Finally, our sailor heads to City Hall to finish off his day by paying respect to the Great Emancipator, Abraham Lincoln. He looks to have a book with him. Is he reading the great words of Lincoln? Why did he think it was important to come to this spot? We do not know the name or anything about our young sailor. Do you recognize him? If so, please contact us and let us know the real story behind these photos. Nevertheless, we are delighted to have been able to follow a day in the life of this young sailor.
by Arnold Woods
The San Francisco Seals were charter members of the Pacific Coast League formed in 1903. They initially played their home games at Recreation Park (also known as Central Park) at Market and 8th Street until it was destroyed in the 1906 earthquake. After playing out the 1906 season at the Oakland Oaks’ stadium, they returned to San Francisco to play at a new Recreation Park at Valencia and 14th Street in 1907. After the 1913 season though, Seals’ owner, Cal Ewing went looking for a new field because of issues with his lease at Recreation Park.
In October 1913, Ewing found a spot at the foot of Lone Mountain for a new ballpark.1 While a new ballpark would take years to build these days, Ewing assured fans that the new stadium would open in time for the 1914 season. He also said that baseball was done with Recreation Park.
Living up to his word, Ewing opened his eponymously-named field for the 1914 season. Ewing spent $100,000 building the park and he left room for the addition of more seating if it proved necessary. The home opener occurred on May 16, 1914 with a record PCL crowd of 18,000 people.2 However, true to its location, the crowd was treated to a cold wind off Lone Mountain. Unfortunately, the Seals’ bats were silent for the entire game and they lost to the Oaks 3-0.
The Seals finished the 1914 season in 2nd place with a 115-96 record. Indeed, the Seals played 211 games that season. After the season was over, the major leaguers came to Ewing Field. Back in that era, the pay for professional baseball players was not great and the major league stars frequently spent their off-season on barnstorming tours to supplement their incomes. On November 3, 1914, the major league all-stars played a game at Ewing Field.3 Northern California’s own Bill James, recent hero for the 1914 champion Boston Braves team, pitched the National League stars to a 4-2 victory over the American League stars. It was the first game of a week’s worth of games in San Francisco and Oakland.
After the 1914 PCL season, Ewing entered into a deal to sell the Seals to some of the owners of the Los Angeles Angels. There was only one hitch. The prospective owners did not want to play at the frequently foggy Lone Mountain field.4 The deal was finalized in December 1914 with the new owners entering into a secondary deal with the Olympic Club, which had leased Recreation Park after the Seals left. Under that deal, the Olympic Club moved their activities to Ewing Field for two years and the Seals would return to Recreation Park where they would play until they opened Seals Stadium at Valencia and 16th Streets in 1931.
With the Seals leaving, the next competition at Ewing Field was, in fact, another baseball game. On February 14, 1915, a PCL all-star squad faced off against some major leaguers in a charity game that benefited an injured player.5 Thereafter, Ewing Field became the main soccer venue in the City. Baseball returned once again to Ewing Field in the fall of 1915 with several games that were part of the U.S. Amateur Baseball Championship.6 In addition to soccer, Ewing Field hosted a number of other sporting events in the ensuing years. This included rugby, boxing, and high school baseball games. There was even an attempt to have a performance of Aida at Ewing Field on September 30, 1916, but it was rained out.7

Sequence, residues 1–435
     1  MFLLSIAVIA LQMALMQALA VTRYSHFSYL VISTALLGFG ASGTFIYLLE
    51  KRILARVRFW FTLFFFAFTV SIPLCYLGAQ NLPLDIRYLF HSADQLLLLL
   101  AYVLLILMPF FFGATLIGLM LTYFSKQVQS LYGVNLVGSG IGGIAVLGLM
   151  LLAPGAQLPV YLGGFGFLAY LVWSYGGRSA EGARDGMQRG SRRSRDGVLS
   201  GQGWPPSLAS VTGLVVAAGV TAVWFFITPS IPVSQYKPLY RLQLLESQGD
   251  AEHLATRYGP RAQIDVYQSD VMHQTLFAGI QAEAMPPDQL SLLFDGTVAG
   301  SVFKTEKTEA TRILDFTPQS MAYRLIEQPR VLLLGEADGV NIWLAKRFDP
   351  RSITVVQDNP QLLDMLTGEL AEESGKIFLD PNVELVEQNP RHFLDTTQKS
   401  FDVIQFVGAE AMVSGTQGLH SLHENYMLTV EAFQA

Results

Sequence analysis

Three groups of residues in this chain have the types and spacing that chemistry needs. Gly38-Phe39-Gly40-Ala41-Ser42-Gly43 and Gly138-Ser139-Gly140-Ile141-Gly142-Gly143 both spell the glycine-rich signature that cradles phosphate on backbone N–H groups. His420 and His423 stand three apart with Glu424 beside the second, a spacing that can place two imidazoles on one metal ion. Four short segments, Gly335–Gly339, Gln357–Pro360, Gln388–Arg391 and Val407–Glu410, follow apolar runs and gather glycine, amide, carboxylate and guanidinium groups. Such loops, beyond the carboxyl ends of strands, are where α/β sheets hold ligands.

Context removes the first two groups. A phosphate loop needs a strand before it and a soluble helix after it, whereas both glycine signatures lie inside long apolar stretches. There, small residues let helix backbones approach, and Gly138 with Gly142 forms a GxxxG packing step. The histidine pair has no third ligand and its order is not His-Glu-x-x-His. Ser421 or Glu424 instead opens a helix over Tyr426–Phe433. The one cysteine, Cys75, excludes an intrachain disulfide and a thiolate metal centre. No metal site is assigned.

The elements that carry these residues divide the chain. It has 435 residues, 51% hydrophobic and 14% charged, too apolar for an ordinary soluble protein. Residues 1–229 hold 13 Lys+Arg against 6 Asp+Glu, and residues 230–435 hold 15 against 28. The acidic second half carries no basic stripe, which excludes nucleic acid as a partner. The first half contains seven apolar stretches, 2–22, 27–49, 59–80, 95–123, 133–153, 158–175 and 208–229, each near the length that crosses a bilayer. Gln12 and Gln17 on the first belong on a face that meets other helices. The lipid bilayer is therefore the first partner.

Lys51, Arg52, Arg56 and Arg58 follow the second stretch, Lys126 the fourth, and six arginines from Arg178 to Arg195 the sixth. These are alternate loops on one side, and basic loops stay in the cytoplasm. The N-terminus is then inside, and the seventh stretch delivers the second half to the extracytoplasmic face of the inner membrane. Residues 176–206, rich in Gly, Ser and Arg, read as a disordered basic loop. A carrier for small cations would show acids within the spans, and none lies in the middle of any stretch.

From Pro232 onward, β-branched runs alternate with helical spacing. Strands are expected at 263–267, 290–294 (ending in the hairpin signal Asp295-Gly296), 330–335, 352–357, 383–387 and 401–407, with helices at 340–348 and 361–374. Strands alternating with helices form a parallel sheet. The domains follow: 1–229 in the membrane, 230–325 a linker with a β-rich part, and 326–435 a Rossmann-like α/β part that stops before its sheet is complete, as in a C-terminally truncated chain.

In the 1920s, the stadium became a prime location for high school and college football games, including the first East-West Shrine Game on December 26, 1925.8 However, with the opening of Kezar Stadium in May 1925 and a fire that destroyed portions of the grandstands and bleachers on June 5, 1926,9 Ewing Field’s days as a prime sporting venue were doomed. It lingered around hosting minor events until June 1938 when the Heyman Brothers purchased the property for $150,000.10 They razed it and built housing in a new subdivision known as Ewing Terrace. Ewing Field’s heyday as the prime athletic venue in San Francisco may have only lasted a little over a decade, but it brought a diversity of competition to the west side. For a more detailed look at Ewing Field, read Angus MacFarlane’s article or listen to the Outside Lands Podcast about it.
1. “Seals’ New Baseball Park Located At Foot Of Lone Mountain,” San Francisco Chronicle, October 11, 1913, p. 25.
2. “Record Crowd Of 18,000 Opens Ewing Field,” San Francisco Chronicle, May 17, 1914, p. 65.
3. “Bill James Wins Over Joe Bush in First of All-Star Games Here,” San Francisco Chronicle, November 4, 1914, p. 5.
4. “Berry Brothers and Tom Stephens Here to Close Deal to Buy Seals,” San Francisco Chronicle, November 18, 1914, p. 5.
5. “All-Coasters Beat Major Leaguers in the Swain Benefit Baseball Game,” San Francisco Chronicle, February 15, 1915, p. 4.
6. “Cleveland Stages 8-Run Rally To Shut Out the Tacoma Tigers,” San Francisco Chronicle, October 24, 1915, p. 48.
7. “Rain Stops Aida, Lloyds Lose $25,000 Weather Bet,” San Francisco Chronicle, October 1, 1916, p. 29.
8. “West Takes Measure Of East Stars, 6-0,” San Francisco Chronicle, December 27, 1925, p. 1H.
9. “100 Blazes Rage At Once In S.F.,” San Francisco Chronicle, June 6, 1926, p. 1.
10. “Work on Ewing Subdivision to Start in Sept.,” San Francisco Chronicle, June 25, 1938, p. 10.